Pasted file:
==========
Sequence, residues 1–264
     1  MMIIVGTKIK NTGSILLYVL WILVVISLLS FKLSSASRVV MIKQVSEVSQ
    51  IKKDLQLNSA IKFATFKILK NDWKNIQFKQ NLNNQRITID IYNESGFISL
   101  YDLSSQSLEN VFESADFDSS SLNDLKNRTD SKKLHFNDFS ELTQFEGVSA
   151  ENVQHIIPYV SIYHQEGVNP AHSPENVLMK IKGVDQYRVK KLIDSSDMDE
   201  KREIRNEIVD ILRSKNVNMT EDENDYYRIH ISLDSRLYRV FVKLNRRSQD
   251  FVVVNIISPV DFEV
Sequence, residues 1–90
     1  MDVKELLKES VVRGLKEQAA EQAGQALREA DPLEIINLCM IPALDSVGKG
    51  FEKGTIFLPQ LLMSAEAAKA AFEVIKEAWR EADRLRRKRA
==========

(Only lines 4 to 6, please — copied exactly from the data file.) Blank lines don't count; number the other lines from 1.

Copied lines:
   101  YDLSSQSLEN VFESADFDSS SLNDLKNRTD SKKLHFNDFS ELTQFEGVSA
   151  ENVQHIIPYV SIYHQEGVNP AHSPENVLMK IKGVDQYRVK KLIDSSDMDE
   201  KREIRNEIVD ILRSKNVNMT EDENDYYRIH ISLDSRLYRV FVKLNRRSQD